Fans have rewatched, read about and dissected MASH for decades. The Korean War dramedy remains one of the most beloved and watched television series in history. So you would think that everything that can be said about MASH has been said.
Not so. Put the cast together and stories spill. Earlier this month, Loretta Swit, Gary Burghoff, Mike Farrell and Jamie Farr — in other words, the surviving principal cast members of MAS*H — joined Alan Alda on his podcast, Clear+Vivid. The resulting conversation is a sheer delight and must-listen for anyone with a lick of interest in the show.
The chemistry between the old colleagues and friends is immediately audible. You can practically hear this smiles beaming through the microphones as the actors, spread out across the country, join in via video chat, telephone and whatnot. “As soon as we heard one another’s voices, the kidding and the laughing began,” Alda explains in his introduction.
Laughter abounds, and so do the anecdotes. We were reminded of some favorite behind-the-scenes yarns — and learned some fascinating new details about MAS*H.
The five recall the rather stark filming conditions on the Fox studio lot and on location in the mountains. Ventilation was poor in the Potter office set, to the point that Burghoff grew drowsy from the lack of oxygen. There was no access to telephones in the field, which led Alda to performing a bizarre line from a script with a typo. Six years passed before a bathroom was available on the stage. “McLean [Stevenson] had so many ants in his dressing room, one of his boots was moving,” Swit recalls with a chuckle.
And then there was the peanut butter. The cast paid for its own coffee and peanut butter early on. Farr tells the tale of how the actors went to Sy Salkowitz, the onetime president of 20th Century Fox Television, and each slapped a $100 bill on his desk demanding more peanut butter. “Whatya want, smoothy, crunchy?” Salkowitz asked. The next day, a pallet of peanut butter showed up reaching from “the floor to the ceiling,” according to Farr.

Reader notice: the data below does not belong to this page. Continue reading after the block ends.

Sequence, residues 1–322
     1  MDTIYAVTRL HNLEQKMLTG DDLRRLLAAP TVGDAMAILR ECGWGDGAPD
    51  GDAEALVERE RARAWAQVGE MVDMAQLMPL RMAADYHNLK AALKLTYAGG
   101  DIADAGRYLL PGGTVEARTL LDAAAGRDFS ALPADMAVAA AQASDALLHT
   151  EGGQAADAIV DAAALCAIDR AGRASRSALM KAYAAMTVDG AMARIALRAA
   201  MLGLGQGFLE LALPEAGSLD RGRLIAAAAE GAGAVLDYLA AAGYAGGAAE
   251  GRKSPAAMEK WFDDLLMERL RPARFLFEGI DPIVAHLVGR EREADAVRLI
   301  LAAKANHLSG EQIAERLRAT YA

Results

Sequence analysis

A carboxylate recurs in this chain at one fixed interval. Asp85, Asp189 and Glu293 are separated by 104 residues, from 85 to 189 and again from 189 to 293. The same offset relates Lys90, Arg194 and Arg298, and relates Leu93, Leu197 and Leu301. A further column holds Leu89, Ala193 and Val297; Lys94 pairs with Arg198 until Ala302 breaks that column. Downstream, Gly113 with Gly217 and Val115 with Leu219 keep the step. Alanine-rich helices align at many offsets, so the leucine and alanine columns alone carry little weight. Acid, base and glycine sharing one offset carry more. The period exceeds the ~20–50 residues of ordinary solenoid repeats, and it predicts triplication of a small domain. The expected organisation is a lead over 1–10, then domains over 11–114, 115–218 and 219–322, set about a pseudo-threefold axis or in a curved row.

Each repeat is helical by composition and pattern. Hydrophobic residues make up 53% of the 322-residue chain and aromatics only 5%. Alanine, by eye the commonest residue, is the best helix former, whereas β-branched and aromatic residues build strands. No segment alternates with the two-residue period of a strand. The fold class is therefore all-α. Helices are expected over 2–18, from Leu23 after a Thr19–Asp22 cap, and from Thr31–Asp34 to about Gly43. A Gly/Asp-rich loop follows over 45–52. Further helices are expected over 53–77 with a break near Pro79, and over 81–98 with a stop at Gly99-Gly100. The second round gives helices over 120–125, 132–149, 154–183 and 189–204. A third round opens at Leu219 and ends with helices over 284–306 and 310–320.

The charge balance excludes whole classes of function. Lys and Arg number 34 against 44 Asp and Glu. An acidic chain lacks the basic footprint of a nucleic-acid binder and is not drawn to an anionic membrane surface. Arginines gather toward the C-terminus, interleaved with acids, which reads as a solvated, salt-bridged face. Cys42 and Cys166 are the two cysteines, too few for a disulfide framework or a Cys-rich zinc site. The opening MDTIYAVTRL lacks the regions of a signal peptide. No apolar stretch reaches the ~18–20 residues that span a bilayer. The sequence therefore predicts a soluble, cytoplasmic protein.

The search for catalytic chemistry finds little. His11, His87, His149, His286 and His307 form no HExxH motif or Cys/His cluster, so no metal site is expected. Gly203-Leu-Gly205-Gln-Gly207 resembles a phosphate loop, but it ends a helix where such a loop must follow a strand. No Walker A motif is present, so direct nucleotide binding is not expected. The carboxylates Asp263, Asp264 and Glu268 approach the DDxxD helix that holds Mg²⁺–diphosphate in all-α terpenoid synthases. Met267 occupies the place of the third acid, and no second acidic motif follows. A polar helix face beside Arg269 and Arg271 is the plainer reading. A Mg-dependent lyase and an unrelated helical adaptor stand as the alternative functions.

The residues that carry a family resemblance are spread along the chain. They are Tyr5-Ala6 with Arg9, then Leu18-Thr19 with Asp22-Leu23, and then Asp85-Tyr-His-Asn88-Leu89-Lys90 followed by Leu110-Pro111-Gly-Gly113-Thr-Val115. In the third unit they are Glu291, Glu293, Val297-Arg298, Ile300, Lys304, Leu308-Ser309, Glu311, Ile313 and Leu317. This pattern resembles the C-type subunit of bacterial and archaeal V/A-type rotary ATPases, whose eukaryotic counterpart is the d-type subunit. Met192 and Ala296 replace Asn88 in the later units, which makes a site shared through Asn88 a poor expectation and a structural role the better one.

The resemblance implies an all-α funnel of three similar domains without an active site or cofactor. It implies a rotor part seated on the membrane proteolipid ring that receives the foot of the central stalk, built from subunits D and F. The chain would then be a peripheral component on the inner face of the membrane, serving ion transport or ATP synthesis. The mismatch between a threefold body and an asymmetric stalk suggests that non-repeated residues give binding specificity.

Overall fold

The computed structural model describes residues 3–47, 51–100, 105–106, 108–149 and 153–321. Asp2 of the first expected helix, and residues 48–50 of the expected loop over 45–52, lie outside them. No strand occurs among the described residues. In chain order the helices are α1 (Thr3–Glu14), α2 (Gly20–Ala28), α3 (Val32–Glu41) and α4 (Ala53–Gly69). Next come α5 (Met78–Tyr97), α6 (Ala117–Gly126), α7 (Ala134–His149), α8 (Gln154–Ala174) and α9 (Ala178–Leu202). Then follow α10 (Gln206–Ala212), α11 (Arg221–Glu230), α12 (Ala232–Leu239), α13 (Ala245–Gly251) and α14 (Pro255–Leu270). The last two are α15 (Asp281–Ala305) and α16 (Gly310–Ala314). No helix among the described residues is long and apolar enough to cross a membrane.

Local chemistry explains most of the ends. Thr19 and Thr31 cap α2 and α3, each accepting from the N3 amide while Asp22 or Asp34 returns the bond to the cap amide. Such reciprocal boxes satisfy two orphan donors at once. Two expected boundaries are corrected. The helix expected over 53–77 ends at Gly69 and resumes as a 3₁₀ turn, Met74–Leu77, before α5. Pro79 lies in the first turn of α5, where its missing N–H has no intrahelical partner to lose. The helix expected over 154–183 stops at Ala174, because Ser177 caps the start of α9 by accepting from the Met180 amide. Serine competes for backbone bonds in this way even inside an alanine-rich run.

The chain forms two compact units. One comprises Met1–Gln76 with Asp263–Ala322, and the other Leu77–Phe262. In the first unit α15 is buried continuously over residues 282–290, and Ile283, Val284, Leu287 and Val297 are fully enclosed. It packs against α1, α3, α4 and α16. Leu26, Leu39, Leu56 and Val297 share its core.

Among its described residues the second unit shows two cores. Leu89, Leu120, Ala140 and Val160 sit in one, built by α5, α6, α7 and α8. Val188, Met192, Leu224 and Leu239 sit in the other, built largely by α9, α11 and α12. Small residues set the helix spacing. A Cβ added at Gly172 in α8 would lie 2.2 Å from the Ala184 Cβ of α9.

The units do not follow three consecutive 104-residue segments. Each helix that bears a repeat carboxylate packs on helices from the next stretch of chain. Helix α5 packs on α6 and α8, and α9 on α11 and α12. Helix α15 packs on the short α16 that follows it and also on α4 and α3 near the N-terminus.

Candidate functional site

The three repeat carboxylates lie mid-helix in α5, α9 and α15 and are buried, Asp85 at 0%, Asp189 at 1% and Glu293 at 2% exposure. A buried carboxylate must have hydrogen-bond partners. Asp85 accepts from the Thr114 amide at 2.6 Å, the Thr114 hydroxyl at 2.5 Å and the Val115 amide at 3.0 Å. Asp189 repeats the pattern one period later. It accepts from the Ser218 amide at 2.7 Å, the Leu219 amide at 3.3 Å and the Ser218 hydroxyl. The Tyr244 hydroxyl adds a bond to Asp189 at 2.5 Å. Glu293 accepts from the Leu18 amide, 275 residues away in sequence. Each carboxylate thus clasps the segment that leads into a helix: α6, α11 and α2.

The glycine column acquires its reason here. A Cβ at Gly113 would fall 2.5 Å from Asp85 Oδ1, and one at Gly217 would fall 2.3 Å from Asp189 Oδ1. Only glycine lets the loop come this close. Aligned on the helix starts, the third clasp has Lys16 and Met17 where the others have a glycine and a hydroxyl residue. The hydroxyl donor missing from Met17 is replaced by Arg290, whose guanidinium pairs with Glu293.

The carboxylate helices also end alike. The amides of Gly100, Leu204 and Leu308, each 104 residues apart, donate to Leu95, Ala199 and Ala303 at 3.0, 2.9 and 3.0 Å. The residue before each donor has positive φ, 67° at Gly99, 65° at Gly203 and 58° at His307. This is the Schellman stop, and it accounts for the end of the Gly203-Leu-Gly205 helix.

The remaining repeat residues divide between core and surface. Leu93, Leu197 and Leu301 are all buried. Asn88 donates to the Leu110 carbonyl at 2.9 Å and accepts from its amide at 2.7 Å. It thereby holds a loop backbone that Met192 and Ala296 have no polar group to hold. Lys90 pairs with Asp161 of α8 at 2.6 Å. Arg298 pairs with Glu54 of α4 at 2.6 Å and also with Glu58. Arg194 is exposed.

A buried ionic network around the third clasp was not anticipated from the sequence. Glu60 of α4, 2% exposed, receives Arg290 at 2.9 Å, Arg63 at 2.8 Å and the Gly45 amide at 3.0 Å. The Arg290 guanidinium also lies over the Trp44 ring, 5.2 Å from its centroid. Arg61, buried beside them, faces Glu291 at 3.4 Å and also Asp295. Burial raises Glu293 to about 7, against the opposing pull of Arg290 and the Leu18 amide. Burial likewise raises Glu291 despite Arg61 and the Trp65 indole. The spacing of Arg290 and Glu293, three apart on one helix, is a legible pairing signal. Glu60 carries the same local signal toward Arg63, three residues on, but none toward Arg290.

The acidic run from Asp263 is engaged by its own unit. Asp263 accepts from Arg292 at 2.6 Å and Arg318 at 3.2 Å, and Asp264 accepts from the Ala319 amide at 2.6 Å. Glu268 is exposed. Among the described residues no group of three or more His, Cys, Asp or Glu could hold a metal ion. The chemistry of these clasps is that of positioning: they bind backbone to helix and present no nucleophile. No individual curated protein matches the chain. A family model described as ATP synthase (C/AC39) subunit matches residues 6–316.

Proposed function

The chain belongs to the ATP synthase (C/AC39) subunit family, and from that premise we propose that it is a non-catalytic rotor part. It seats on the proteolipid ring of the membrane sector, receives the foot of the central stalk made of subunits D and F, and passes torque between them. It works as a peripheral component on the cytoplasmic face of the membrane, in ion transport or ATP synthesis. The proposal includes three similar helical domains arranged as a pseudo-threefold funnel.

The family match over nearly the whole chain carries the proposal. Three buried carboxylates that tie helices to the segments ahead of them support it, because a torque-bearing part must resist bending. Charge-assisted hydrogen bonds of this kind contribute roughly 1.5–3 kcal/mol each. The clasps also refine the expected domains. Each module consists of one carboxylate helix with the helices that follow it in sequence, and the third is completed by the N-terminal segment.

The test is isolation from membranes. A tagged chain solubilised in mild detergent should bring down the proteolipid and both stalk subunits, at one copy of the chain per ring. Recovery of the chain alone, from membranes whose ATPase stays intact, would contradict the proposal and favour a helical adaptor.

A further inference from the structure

Speaking of Farr, he explains the origins of several of his memorable dresses, including a gold lame number once worn by Ginger Rogers. “That dress looked a hell of a lot better on you than it did on me,” she told him in the commissary.
Oh, and while we’re on the topic of the commissary, David Odgen Stiers once pulled a delightful prank on his coworkers involving frozen yogurt and Sir Richard Attenborough.
Burghoff explains the genesis of his character’s name, Walter, which he came up with in tribute to a childhood friend. The real Walter is no longer with us, but Burghoff still emails his brother.
All in all, as we said, the conversation is heart-warming and revelatory. It’s even fascinating to hear the performers detail the differences between working on modern shows versus the methods of classic television.
Listen to the full 68-minute episode, “The Actors from MASH — On How MASH Changed Our Lives,” now via Stitcher.